An idea that began in the hearts of a group of Samford University graduates has resulted in an endowed scholarship fund to assist Missionary Kids (children of missionaries) who attend the school.The Bill and Audrey Cowley MK Scholarship honors the former career missionaries who over the course of three decades were surrogate parents to scores of MKs attending Samford.
The Cowleys served in Nigeria for 23 years before he began a 16-year tenure, 1977-1993, on the Samford religion and speech faculty. In 1979, Audrey Cowley became national treasurer of Woman’s Missionary Union, which has long offered moral and other support to MKs.
The genesis of the fund was a gathering of adult MKs at Samford Homecoming in 2012. A highlight of the weekend was a chance to visit with the Cowleys, who had provided home-away-from-home support for many of them during their college years.
After word spread that the Cowleys were being honored with a named scholarship, contributions began to arrive from far and near.
In spring 2014, the scholarship fund became part of Samford’s Legacy League roster of scholarship funds. As the generosity of givers continues, Samford will soon be able to award Bill and Audrey Cowley MK Scholarships to deserving students.
The Cowleys were naturals at nurturing MKs, who at one time during the 1980s numbered almost 100 at Samford. For several years in Nigeria, the couple taught in a school that enrolled many missionaries’ children. They raised two daughters who studied at Samford: Carol Cowley, a 1978 graduate; and Karen Cowley Bergquist, a 1980 graduate who married John Bergquist, also an MK and a 1981 Samford/1992 Cumberland law graduate.
“We realized that we were not a substitute for their parents, but we tried to be of help in any way possible,” Bill Cowley said of their relationship with MKs. “Sometimes only a hug can help.”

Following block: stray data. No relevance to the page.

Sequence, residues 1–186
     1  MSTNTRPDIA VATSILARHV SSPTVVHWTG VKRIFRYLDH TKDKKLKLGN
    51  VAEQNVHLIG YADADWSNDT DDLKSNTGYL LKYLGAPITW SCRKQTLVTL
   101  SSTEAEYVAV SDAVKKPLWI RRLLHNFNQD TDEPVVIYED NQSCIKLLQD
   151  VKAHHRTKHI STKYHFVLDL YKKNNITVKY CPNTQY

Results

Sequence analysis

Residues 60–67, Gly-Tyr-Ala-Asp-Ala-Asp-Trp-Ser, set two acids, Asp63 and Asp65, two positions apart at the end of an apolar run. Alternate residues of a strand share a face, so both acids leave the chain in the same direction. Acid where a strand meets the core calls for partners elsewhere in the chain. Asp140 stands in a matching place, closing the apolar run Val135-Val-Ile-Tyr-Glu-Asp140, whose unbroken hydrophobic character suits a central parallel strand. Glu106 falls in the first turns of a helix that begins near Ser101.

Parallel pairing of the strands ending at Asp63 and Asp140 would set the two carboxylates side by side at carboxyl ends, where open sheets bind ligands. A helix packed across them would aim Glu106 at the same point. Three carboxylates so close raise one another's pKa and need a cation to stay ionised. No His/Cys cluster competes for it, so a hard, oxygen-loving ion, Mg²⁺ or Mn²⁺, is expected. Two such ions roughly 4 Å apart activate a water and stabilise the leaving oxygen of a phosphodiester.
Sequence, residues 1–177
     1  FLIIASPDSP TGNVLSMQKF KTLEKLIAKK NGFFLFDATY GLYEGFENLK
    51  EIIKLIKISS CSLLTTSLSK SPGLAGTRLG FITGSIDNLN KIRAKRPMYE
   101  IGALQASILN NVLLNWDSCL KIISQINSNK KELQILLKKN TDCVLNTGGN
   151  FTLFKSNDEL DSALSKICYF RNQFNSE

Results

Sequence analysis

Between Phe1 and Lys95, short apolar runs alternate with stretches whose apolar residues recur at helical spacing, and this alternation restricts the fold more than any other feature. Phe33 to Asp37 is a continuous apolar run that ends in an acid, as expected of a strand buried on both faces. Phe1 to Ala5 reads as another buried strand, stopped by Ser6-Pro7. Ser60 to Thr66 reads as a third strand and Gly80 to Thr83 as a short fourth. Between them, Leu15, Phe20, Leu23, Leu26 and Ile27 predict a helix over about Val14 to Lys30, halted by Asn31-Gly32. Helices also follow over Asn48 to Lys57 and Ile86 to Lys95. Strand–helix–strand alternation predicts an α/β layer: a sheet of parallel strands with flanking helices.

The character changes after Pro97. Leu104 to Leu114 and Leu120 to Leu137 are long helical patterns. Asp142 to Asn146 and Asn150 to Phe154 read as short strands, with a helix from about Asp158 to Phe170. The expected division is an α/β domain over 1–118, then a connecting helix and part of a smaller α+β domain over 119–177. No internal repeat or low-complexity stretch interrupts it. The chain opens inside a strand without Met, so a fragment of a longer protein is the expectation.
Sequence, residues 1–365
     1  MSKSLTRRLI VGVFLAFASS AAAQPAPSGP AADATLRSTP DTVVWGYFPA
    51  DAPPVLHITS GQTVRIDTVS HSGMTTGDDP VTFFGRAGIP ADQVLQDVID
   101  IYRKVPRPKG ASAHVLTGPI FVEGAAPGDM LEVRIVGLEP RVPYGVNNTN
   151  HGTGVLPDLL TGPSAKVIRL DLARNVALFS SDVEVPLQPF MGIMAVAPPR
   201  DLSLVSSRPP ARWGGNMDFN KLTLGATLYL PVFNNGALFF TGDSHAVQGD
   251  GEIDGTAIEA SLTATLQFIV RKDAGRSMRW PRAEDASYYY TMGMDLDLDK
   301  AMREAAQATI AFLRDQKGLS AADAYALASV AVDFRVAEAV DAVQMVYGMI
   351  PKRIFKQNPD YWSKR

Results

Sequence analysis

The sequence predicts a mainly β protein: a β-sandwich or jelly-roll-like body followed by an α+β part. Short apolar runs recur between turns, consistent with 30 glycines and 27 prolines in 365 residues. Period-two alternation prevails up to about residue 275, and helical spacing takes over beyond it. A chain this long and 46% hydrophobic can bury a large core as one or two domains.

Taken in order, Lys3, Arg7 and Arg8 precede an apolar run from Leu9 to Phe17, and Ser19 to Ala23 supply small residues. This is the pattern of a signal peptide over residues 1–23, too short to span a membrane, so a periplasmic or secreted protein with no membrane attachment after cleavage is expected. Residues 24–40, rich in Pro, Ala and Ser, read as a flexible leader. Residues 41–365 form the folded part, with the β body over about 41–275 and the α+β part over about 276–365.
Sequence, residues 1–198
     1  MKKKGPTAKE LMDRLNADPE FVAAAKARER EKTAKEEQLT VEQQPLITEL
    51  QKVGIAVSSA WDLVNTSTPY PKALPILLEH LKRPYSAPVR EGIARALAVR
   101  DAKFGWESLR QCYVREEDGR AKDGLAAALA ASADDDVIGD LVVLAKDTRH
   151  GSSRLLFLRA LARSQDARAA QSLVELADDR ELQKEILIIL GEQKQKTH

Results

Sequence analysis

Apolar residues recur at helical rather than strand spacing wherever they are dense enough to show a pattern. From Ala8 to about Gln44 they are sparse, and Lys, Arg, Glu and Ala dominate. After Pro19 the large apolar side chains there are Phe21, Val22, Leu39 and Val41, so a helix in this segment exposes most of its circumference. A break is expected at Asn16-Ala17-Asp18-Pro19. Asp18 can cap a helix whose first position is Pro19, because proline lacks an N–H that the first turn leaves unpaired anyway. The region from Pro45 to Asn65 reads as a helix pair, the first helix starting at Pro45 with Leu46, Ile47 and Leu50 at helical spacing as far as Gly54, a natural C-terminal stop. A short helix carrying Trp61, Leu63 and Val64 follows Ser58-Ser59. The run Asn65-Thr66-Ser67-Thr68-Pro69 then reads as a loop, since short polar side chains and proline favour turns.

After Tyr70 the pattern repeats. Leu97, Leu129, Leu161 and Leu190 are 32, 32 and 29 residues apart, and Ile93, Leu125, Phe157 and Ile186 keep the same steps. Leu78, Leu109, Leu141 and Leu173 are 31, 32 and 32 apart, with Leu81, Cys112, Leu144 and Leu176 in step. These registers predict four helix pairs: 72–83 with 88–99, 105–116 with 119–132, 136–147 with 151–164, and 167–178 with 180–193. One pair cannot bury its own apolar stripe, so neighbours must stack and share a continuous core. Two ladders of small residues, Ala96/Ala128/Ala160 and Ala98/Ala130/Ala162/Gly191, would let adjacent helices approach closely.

Their helpfulness included many trips to the airport for pickup or delivery and care-giving in medical emergencies. And, perhaps as important, was their understanding of the challenges the MKs faced when transitioning between cultures.
“More often than not, they experience culture shock when they come to the States,” said Cowley, citing technology, American affluence, and differences in faith and lifestyle of American Christians and churches, among other factors.
Their legion of admirers includes 1978 Samford graduate Kevin Reece, who knew the couple in Nigeria and at Samford.
“It’s difficult to express the magnitude of the impact the Cowleys have had on me nearly my whole life,” said Reece, who first felt the influence of their faith and dedication to missions during his youth in Nigeria, where his parents were missionaries.
“During my years at Samford they were instructors, caretakers, surrogate parents and advisors to me and all my fellow MKs. Since then, the Cowleys and I have enjoyed a great working relationship on a variety of programs and events,” said Reece, who lives in Huntsville, Ala.
“I consider Bill and Audrey to be true representatives of Christ in this world,” he said, adding that the scholarship is a fitting honor “for their love, dedication and service to MKs.”
The Cowleys, who will celebrate their 60th wedding anniversary on Sept. 3, hope that the scholarship will provide opportunities for more MKs to attend Samford.
These students, they say, bring a “fresh, challenging, eye-opening worldview to fellow students, their classes and the campus.”
To contribute to the fund, go to www.samford.edu/legacyleague, click on “donate,” and follow the prompts to connect to the Legacy League’s Bill and Audrey Cowley Missionary Kid Scholarship. All gifts are tax deductible. For more information, call 205-726-2247 or email email@example.com.